Approximability and Computational Feasibility of Dodgson's Rule

by McCabe-Dansted, John C.

Abstract (Summary)
Condorcet1 proposed that a winner of an election is not legitimate unless a majority of the population prefer that alternative to all other alternatives. However such a winner does not always exist. A number of voting rules have been proposed which select the Condorcet winner if it exists, and otherwise selects an alternative that is in some sense closest to being a Condorcet Winner; a prime example is the rule proposed by Dodgson2(1876). Unfortunately, Bartholdi et al. (1989) proved that finding the Dodgson winner is an NP-hard problem. Hemaspaandra et al. (1997) refined this result by proving that it is ?p 2- complete and hence is not NP-complete unless ?p 2=NP. For this reason, we investigate the asymptotic behaviour of approximations to the Dodgson rule as the number of agents gets large. Under the assumption that all votes are independent and equiprobable, the probability that the Tideman (1987) approximation picks the Dodgson winner does asymptotically converge to 1, but not exponentially fast. We propose a new approximation that does exhibit exponential convergence, and we can quickly verify that it has chosen the Dodgson winner; this allows us to choose the true Dodgson winner with O(ln n) expected running time for a fixed number of alternatives m and n agents. McGarvey (1953) proved that all tournaments are the majority relations for some society. We have proved a generalisation of this theorem for weighted tournaments. We find that this generalisation is useful for simplifying proofs relating to rules which use the weighted majority relation. Bartholdi et al. (1989) found that we can calculate the Dodgson Score using an ILP that requires no more than m!m variables, we present an improved ILP that requires less than (m ? 1)!e variables (e ? 2.71). We discover that we can solve this ILP in O(ln n) arithmetic operations of O(ln n) bits in size. Relaxing the integer constraints results in a new polynomial time rule. In 43 million simulations this new rule failed to pick the 1 Marie-Jean-Antoine-Nicolas de Caritat, Marquis de Condorcet. (1743–1794) 2 Charles Lutwidge Dodgson (1832–1898), better known as Lewis Carroll. i Dodgson winner only once, and only given many (25) alternatives. Unlike the Dodgson rule, this rule can break ties in favor of alternatives that are in some sense fractionally better. We show that Dodgson Score admits no constant error approximation unless P=NP, and admits no Polynomial Time Approximation Scheme (PTAS) for Dodgson Score unless W[2]=FPT. ii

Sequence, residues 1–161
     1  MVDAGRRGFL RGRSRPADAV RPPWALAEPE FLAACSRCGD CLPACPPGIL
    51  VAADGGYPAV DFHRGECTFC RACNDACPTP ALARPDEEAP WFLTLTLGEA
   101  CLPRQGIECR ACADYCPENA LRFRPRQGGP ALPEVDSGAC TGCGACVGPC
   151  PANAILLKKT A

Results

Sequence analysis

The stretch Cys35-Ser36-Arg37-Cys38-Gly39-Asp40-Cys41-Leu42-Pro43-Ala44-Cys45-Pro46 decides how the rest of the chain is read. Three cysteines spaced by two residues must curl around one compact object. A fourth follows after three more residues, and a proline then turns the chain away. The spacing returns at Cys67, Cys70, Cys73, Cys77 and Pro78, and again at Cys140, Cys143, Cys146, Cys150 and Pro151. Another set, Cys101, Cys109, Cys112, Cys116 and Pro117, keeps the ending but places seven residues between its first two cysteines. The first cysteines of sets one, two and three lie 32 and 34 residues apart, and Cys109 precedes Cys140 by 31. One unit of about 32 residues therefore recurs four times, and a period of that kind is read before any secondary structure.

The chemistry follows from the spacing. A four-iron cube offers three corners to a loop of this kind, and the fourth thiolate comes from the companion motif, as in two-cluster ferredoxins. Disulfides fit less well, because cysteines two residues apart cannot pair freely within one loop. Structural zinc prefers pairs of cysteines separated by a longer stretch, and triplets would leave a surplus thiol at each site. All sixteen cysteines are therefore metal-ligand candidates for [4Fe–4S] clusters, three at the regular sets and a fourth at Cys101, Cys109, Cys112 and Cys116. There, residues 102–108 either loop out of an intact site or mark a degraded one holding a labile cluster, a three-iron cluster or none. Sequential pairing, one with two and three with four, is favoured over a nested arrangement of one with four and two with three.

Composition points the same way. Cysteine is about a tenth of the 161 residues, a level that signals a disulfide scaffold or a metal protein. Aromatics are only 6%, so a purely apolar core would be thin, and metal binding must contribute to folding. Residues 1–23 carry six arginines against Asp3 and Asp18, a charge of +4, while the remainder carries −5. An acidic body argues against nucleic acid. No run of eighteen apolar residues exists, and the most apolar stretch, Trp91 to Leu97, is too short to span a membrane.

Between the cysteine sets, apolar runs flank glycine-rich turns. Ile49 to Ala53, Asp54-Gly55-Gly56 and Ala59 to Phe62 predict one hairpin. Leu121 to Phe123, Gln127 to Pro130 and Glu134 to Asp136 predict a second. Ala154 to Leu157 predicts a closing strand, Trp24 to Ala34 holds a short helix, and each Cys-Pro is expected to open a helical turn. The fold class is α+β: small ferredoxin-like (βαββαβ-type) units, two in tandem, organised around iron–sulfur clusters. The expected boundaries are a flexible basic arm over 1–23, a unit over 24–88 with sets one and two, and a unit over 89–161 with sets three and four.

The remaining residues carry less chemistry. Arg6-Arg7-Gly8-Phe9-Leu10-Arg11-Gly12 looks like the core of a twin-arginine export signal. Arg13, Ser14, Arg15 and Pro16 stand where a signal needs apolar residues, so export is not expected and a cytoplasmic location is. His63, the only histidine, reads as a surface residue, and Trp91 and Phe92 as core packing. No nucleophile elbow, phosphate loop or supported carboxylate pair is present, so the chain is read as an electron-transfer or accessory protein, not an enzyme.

Bibliographical Information:

Advisor:Dr A. Slinko; Dr G. Pritchard

School:The University of Auckland / Te Whare Wananga o Tamaki Makaurau

School Location:New Zealand

Source Type:Master's Thesis

Keywords:dodgson tideman approximability feasibility voting dq quick relaxed fields of research 230000 mathematical sciences 230100 mathematics 230200 statistics 340000 economics 349900 other 360000 policy and political science 369900


Date of Publication:01/01/2006

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